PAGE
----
The Times, They Are A Changin’

June 29th is the anniversary of the Stonewall riot. Why is that important you may ask? Stonewall represented the turning point for many of the rights we now have as LGBTQ people. But that seems to be all about to change with the reversal of Roe v. Wade on June 24th. 2022.

The times, they are a changin,’” – Bob Dylan

Photo by Markus Winkler on

A Brief Timeline

1714 – The colonies and colonial militias enacted Sodomy laws that would stay on the books in most states until 1925.

1868 – The Fourteenth Amendment was ratified. “All persons born or naturalized in the United States and subject to the jurisdiction thereof ,are citizens of the United States and of the States wherein they reside. No State shall make or enforce any law, which shall abridge the privileges or immunities of citizens of the United States; nor shall any State deprive any person of life liberty, or property without due process of law; nor deny to any person within its jurisdiction the equal protection of the laws.”

1907 – Magnus Hirschfeld, Jewish German physician and sexologis testifed in court that homsexuality was part of the plan of nature just like “normal love.”

1933 – 1945 – Roughly 100,000 German homosexual men were rounded up and placed in concentraton camps along side Jewish People. They were designated by Pink Triangles on their clothing. They were also some of the last to be released due to German Criminal code stated homosexual acts were illegal between men.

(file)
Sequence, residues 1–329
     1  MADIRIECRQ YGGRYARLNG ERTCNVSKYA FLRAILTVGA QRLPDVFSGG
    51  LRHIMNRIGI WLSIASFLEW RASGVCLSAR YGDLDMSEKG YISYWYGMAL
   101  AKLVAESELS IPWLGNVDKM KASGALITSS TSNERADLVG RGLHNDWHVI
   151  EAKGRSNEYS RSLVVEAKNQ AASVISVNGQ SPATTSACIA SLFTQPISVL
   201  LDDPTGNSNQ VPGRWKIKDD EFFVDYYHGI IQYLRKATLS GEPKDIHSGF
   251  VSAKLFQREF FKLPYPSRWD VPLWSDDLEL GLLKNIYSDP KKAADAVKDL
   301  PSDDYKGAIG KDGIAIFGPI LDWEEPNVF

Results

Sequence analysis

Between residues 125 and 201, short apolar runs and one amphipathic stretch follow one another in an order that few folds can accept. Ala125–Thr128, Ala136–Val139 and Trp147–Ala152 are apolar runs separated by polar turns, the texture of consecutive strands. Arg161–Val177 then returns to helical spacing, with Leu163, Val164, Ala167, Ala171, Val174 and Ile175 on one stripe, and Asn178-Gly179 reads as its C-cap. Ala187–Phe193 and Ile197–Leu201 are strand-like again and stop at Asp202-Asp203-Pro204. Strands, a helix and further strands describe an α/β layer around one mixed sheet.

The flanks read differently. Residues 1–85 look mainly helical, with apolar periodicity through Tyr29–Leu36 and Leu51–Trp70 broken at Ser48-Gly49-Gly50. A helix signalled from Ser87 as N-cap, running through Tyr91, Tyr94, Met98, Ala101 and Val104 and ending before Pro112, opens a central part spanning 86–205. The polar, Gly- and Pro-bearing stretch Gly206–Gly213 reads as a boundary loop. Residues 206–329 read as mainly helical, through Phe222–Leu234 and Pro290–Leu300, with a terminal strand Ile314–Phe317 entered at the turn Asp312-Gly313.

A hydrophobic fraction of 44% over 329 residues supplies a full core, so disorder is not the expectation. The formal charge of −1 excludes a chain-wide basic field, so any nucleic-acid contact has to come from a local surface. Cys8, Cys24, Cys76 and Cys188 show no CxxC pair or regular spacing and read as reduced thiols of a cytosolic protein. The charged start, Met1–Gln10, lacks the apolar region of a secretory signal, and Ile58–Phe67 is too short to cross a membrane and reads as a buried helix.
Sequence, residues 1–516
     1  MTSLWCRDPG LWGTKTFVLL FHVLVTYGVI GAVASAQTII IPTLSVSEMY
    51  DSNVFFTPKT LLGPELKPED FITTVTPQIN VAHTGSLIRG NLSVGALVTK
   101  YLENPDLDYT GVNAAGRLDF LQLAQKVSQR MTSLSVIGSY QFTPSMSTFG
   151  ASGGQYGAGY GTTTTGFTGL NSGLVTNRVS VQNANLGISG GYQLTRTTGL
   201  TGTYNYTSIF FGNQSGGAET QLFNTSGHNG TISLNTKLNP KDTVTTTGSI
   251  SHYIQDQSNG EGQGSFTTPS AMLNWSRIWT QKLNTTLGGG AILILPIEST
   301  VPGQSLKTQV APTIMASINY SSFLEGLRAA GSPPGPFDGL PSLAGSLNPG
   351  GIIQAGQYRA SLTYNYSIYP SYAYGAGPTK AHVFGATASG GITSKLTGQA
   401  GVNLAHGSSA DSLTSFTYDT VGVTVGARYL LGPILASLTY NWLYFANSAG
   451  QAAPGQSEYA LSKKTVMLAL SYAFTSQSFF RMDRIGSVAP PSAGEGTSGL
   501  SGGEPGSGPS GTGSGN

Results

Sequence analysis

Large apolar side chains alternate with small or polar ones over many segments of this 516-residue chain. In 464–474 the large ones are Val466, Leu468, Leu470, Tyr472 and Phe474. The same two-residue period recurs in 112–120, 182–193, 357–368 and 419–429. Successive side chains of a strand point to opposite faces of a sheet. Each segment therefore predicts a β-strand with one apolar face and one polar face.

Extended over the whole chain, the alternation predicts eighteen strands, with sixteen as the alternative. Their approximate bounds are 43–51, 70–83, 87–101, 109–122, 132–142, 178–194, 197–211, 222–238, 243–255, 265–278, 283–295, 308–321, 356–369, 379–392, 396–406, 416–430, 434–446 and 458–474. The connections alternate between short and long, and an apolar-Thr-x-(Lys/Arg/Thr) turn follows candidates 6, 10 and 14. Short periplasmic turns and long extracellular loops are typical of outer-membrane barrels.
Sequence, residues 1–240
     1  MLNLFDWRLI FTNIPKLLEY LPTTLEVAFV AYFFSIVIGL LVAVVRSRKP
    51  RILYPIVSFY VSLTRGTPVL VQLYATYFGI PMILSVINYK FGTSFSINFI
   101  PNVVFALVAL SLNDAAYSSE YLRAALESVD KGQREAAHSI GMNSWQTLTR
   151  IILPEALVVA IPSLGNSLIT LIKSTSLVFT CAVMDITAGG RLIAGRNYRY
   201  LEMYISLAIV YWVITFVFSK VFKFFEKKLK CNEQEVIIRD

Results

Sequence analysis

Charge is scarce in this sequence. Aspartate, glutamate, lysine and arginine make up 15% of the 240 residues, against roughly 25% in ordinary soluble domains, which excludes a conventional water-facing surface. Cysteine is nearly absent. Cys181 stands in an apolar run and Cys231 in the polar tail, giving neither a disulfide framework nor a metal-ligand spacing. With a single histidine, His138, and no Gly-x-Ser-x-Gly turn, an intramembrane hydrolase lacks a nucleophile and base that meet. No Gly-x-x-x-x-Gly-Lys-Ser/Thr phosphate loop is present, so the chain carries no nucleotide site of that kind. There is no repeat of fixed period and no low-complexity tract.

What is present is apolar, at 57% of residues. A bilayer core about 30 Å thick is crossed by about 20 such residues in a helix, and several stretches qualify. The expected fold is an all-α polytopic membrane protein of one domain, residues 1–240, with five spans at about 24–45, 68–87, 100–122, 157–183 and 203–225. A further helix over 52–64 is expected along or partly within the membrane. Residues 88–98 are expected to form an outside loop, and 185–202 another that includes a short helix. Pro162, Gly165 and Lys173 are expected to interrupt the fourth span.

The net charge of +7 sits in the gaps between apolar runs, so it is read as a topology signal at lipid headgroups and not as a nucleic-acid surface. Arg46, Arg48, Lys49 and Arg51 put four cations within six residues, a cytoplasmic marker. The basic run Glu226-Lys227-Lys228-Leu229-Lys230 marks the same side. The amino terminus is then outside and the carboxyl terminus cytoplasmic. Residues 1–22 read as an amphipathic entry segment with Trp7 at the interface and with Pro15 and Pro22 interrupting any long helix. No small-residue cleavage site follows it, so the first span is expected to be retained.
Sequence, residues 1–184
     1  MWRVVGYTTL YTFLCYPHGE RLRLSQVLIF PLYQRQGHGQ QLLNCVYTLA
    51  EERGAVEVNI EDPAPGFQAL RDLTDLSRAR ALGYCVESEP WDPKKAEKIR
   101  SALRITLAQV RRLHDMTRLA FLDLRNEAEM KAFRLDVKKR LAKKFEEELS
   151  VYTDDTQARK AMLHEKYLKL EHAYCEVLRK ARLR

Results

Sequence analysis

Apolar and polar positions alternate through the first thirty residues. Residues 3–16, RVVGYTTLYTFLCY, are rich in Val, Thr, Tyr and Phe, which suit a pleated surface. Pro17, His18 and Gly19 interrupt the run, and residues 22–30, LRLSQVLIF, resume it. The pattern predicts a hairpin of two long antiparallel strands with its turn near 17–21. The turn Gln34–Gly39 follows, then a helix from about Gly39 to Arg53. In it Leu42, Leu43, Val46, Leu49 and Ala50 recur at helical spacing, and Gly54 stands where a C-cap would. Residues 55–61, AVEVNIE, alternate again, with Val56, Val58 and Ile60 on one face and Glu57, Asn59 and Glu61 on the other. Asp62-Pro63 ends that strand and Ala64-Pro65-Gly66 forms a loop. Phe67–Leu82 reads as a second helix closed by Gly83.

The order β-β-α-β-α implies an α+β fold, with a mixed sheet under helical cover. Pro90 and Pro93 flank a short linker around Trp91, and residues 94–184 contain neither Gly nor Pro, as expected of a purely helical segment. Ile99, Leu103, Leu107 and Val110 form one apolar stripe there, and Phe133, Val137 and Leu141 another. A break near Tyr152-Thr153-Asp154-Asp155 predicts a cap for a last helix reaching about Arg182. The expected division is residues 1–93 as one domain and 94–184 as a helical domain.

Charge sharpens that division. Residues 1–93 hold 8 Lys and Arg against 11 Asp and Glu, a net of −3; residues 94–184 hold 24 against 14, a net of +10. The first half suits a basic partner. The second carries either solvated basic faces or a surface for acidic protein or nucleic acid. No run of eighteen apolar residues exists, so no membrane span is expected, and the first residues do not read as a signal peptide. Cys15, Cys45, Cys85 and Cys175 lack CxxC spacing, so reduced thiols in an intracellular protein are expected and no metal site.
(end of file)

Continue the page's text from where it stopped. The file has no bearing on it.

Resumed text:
1952 – U.S. Congress passed and Harry Truman signed into law the Immigration Act that barred “aliens afflicted with psychopathic personality, epilepsy, or mental defect.” Congress made it clear that this was targeted towards homosexuals and sexual perverts. That same year, the American Psychiatric Association listed homosexuality as a sociopathic personality disturbance that could be treated.

1953 – Executive Order 10450 was issued by President Eisenhower banning homosexuals from working in federal government, stating they are security risks. This would not be overturned until 1993 with the creation of Don’t Ask, Don’t Tell by President Clinton.

1954 – Brown v. Board of Education. Unanimous decision that determined that separate was not equal in schools and violated the equal protection clause of the Fourteenth Amendment. Thusly, overturning  Plessy v. Ferguson that declared separate was equal, under the law.

1958 – One v. Olesen. Without any arguments, the Supreme Court decided that the first amendment free speech acts protected the publishing and distribution of “One Magazine.” Up until this decision, the postal service had the right and power to open any magazine they felt was “obscene, lewd, and/or lascivious.” They also had the unchecked power of keeping lists of people who received these publications. Some of these lists included the gay men that received “One Magazine,” a publication by the Mattahine Society.